What Does the Rise of the Side Hustle Tell Us About Modern Work?

Across the professional world, a growing number of people are choosing to spend their free time working.

I’m not talking about the ‘always-on’ corporate culture that has us checking emails during evenings and weekends, but rather personal projects designed to boost cash flow and broaden horizons – also known as side hustles.

According to research by CareerBuilder, nearly a third (32%) of US workers are now engaging in some kind of work outside of their regular jobs, with millennials and GenZ leading the way – 41% of under 35s now have a side hustle compare with 27% of over 35s.   

So what’s behind the rise of the side hustle, and what does this trend tell us about our changing attitudes to work?

Technology and the rise of the side hustle

The idea of making a bit of money on the side is nothing new. People have been doing it for as long as anyone can remember. What has changed in recent times, however, is the sheer range of possibilities available to us, brought about by modern technology.

In the past, our private endeavours were restricted by location and reach. We relied on word of mouth in a literal sense, and finding customers was a challenge itself. These factors were enough to put most people off trying to build alternative revenue streams.

Today, however, you can build a brand, market yourself, and reach customers across the globe – all from the comfort of your own home.

Whether its designing and selling your own clothing, teaching foreign languages online, creating digital content, or simply advertising more traditional services via a website, technology has opened the door to a world of new opportunities.

Necessity or choice?

Aside from technology, there are other reasons why an increasing number of people – particularly young adults – are spending their free time working instead of playing.

As wages stagnate and the cost of living increases, it is harder than ever for people to make ends meet. For many young adults, even the dream of owning a home seems far-fetched, no matter how hard they work. Side hustles provide additional cash flows that can really make a difference.

For others, the reasons for starting a side hustle are just as much personal as they are financial. People want to work on something they are passionate about and believe in. They want the chance to improve their skills, to challenge themselves, to learn and grow. What’s more, there is clearly a freedom and autonomy to this type of work that people crave.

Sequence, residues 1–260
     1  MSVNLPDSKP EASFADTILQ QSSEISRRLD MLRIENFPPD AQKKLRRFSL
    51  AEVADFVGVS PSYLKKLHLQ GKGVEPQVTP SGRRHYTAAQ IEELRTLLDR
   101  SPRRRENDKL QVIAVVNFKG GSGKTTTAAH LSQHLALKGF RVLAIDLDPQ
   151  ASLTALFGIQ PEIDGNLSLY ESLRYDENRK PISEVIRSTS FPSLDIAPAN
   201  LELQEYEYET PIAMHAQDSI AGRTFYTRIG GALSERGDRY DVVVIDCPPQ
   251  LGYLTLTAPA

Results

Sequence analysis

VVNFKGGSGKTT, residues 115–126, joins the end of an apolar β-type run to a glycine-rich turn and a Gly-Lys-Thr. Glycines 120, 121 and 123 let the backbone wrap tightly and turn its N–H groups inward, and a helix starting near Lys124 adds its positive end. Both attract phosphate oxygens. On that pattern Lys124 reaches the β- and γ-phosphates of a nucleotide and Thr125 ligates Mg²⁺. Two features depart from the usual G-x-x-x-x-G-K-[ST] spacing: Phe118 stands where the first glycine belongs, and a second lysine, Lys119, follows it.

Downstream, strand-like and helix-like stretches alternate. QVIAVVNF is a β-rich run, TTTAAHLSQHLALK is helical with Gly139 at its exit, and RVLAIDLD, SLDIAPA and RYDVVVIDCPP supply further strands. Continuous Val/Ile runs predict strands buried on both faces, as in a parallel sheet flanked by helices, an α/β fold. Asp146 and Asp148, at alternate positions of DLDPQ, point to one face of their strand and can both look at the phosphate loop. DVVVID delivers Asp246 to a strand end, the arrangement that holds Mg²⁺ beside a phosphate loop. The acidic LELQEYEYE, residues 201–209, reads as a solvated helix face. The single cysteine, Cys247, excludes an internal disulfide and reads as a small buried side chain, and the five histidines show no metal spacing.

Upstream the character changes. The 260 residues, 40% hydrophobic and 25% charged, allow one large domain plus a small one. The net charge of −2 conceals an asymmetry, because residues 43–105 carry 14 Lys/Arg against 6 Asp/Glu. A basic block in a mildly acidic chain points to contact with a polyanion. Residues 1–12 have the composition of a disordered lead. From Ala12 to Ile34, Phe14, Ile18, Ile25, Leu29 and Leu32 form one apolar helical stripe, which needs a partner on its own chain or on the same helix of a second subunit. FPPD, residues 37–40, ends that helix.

What does this tell us about regular employment?

If people are searching for professional meaning outside of work, it’s clear that they aren’t getting enough of it in work. In this sense, the side hustle is a reflection of the current employee engagement crisis. In a rapidly changing world, employees’ professional needs and expectations simply aren’t being met by their employers.

So how can employers give their employees the freedom, autonomy, and meaning that they crave? Well, they can start by understanding what makes side hustles so engaging, fun, and interesting – and then try to give their employees more of those things in the workplace. This could be through flexible working, flatter organisation structures, or increased autonomy at all levels.

Currently, there is a stark contrast between how people operate at work and how they operate in their side hustles. At work, most employees are told where, when, and even how to do their jobs, with major decisions about the direction of their work usually made by someone else. But in their side hustles, they get to become leaders, decision-makers, and creative thinkers. No doubt many people are wondering ‘why can’t my job be more like this?’

Employers also need to know that the side hustle, along with the growing gig economy and the rise of portfolio careers, is just another manifestation of the changing nature of work. The days of long-term, full-time employment – the regular 9-to-5 – are numbered. Technology is freeing people to explore new options, and has unleashed a wave of entrepreneurial thinking and creativity. Rather than fearing this trend, businesses should harness it. 


Nick Edwards - http://www.praguecopywriter.com

Nicholas Edwards is a freelance writer and editor based in Prague, the Czech Republic. When he's not helping local businesses master the English language, he loves writing about the future of work for People First. 

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